December 19, 2005

Why Now?

Why celebrate Christmas now? What made the early church start celebrating in December? We've been taught that it was to compete with pagan holidays -- in fact, one of my favorite cartoons recently mentioned it. But is it right?

Maybe not. Head over to Between Two Worlds and check this out. And think about what you've always been taught about Christmas, and how it may all be wrong.

Posted by: Warren Kelly at 05:31 PM | No Comments | Add Comment
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December 08, 2005

Political Clout?

Still think that the "Religious Right" is running things in the US? Still think that evangelical Christians have all kinds of political muscle? Well try this on for size:

We can't even influence the White House Christmas card. Excuse me -- holiday card.

While everyone is up in arms about the "War on Christmas"(tm), the White House (where George W. "What a Fine Born-Again President" Bush lives) sends out a Christmas card that wishes everyone a happy holiday season.

I personally have no problem with this. It is, after all, a season of many holidays. There are a LOT of holidays crammed into the space on the calendar between Thanksgiving and New Year's Eve, so calling it the holiday season is completely correct and accurate in my own humble opinion.

But haven't we been complaining about this? (And by 'we' I mean evangelical Christians in general, specifically those whom the rest of the world consider our "spokesmen") Yet "our President" isn't on message. We can't even get him to change. How much political power do we really have? Or are we all finally ready to admit that the GOP treats us like the crazy rich aunt that nobody admits they're related to until she's got presents to hand out.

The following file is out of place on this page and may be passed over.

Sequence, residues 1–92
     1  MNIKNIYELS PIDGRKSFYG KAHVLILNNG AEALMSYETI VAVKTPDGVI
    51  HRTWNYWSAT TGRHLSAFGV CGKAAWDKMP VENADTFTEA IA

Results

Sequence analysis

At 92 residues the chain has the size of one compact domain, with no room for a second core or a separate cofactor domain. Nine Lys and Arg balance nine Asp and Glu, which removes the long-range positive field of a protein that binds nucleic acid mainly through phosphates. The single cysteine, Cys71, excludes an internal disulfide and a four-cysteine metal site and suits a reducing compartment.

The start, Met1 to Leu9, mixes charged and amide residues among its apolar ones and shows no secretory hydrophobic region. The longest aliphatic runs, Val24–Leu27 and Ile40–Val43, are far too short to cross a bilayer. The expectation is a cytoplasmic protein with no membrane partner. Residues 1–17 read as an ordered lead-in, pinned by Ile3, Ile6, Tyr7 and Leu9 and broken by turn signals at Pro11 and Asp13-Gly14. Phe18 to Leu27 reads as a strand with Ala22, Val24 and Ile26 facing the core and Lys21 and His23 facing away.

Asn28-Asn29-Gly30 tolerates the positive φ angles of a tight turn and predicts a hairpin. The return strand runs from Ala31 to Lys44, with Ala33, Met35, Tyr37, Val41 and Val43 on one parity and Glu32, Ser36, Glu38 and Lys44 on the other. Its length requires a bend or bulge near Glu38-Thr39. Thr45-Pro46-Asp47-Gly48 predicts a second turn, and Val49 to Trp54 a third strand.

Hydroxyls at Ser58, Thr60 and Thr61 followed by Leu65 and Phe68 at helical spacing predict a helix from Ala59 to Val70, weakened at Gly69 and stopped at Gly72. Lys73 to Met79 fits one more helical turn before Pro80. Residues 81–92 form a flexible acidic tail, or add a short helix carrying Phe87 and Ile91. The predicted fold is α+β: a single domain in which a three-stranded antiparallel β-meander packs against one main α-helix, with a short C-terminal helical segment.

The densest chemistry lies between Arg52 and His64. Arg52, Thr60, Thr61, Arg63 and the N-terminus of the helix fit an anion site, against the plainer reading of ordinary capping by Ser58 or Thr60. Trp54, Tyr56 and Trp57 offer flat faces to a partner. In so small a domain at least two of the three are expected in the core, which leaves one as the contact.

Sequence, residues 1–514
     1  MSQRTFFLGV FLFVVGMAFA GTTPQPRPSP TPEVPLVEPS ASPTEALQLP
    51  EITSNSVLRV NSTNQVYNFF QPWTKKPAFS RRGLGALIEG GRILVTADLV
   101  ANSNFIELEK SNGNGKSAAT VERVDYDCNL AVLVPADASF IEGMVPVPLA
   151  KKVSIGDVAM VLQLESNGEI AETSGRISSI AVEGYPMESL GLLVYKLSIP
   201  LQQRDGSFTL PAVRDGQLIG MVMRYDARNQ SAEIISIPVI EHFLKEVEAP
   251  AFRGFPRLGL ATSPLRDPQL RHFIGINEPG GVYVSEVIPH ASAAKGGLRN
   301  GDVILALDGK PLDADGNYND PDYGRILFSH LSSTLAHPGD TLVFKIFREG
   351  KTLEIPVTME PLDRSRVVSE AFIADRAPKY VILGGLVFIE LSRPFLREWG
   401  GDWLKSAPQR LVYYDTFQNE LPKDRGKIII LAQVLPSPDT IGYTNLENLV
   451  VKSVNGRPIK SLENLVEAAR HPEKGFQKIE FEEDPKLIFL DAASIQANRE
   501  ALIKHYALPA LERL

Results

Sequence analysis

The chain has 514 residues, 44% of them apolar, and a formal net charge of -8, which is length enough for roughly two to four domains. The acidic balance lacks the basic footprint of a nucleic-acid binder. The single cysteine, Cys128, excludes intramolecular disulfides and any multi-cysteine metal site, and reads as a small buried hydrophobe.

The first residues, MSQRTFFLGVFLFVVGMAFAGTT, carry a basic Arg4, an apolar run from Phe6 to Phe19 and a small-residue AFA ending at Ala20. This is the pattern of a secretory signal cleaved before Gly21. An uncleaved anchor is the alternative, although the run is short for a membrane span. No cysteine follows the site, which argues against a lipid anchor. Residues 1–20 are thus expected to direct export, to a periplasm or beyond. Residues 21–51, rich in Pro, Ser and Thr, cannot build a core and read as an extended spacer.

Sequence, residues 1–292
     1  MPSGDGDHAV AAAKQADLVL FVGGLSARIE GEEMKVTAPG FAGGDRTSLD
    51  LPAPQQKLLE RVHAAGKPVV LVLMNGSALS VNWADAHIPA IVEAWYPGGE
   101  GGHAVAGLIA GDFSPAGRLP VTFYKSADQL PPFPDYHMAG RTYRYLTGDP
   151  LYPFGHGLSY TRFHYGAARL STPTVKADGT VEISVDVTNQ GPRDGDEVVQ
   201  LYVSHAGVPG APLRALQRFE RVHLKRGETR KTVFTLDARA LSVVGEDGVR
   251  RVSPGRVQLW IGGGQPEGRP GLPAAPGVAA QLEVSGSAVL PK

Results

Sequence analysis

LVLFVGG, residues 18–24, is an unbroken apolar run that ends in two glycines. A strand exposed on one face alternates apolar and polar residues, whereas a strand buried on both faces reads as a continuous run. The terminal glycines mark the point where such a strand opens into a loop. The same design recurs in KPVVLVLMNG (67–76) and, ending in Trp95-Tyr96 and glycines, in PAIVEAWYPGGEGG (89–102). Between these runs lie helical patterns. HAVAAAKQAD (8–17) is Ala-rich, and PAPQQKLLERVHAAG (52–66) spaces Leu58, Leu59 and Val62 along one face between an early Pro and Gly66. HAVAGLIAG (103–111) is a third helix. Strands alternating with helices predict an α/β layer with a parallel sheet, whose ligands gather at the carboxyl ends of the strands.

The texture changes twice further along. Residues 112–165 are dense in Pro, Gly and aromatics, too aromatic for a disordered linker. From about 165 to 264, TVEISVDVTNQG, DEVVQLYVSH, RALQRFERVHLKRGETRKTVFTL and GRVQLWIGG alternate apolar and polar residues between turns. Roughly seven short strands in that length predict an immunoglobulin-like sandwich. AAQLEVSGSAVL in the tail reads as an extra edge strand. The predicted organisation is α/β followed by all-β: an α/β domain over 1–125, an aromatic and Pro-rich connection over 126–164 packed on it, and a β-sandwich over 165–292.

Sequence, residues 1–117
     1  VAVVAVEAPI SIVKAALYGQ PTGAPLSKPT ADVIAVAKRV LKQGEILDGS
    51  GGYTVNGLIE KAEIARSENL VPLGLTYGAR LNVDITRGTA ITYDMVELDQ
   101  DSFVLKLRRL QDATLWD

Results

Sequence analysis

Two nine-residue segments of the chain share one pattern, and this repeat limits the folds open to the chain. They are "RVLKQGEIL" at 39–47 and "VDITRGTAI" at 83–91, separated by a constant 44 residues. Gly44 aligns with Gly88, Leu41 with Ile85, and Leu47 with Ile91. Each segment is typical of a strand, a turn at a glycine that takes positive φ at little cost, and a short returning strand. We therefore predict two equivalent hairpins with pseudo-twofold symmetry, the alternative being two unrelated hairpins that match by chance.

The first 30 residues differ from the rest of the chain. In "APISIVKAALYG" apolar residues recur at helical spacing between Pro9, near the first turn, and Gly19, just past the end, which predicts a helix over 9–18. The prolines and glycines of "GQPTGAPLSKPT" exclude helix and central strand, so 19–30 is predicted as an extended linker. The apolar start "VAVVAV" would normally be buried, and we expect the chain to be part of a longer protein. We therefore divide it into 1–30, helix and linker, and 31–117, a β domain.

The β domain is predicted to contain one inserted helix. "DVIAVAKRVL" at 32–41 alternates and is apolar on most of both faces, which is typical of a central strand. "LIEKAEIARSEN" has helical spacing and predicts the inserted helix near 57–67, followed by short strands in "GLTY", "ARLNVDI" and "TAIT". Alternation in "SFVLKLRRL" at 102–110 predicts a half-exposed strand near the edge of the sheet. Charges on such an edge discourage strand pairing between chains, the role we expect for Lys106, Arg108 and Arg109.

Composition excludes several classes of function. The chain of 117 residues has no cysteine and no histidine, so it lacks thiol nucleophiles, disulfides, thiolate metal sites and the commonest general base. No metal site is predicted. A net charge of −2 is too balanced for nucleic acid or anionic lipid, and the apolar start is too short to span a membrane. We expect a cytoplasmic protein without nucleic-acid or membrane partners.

We have a lot more to be concerned about this year. There are better places to spend our resources. I don't like the idea that companies are putting policies in place that don't allow employees to say "Merry Christmas" to people, but I can't change people's stupid misunderstandings of the word tolerance. What I can do is share the truth of Christmas with as many people as I can, in the knowledge that this truth can transform lives.

And I can wish everyone I see a Merry Christmas.

Posted by: Warren Kelly at 06:09 PM | Comments (1) | Add Comment
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December 06, 2005

The Feast of St. Nicholas

Most of what we actually know about St. Nicholas of Myra is legendary. He was wealthy, having inherited a fortune as a young man when his parents died. He gave gifts from his wealth to the needy, but preferred to do it secretly -- giving rise to part of the Santa Claus legend. Some even say that he threw gold coins down the chimney, where it would lodge in the stockings that were hung up to dry overnight.

Nicholas later became the bishop of Myra -- rather against his will, according to the accounts we have. He was a champion of orthodoxy, and was especially incenseced at the Arian heresy that was running rampant. Legend has it that he actually punched Arius in the face during the council of Nicea, and would have been removed from his bishopric had a vision of CHrist not told the other assembled bishops that Nicholas had done well.

We do not know when Nicholas was born, so his Feast Day is the day of his death, somewhere between 341 and 352. Nicholas is venerated by both the Roman Catholic Church and the Orthodox Church, but it is the Russian Orthodox Church that holds him in the highest regard. He is the patron saint of seafarers, scholars, bankers, pawnbrokers, jurists, brewers, coopers, travelers, perfumers, unmarried girls, brides, robbers and children.

Posted by: Warren Kelly at 08:41 PM | Comments (1) | Add Comment